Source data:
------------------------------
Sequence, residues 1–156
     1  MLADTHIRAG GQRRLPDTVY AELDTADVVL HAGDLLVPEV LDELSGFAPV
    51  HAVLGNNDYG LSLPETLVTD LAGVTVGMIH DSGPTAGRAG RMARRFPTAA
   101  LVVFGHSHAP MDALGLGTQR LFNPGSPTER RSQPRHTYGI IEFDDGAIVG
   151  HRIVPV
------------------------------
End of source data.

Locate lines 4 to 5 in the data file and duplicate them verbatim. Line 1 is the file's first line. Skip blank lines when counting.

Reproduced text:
   101  LVVFGHSHAP MDALGLGTQR LFNPGSPTER RSQPRHTYGI IEFDDGAIVG
   151  HRIVPV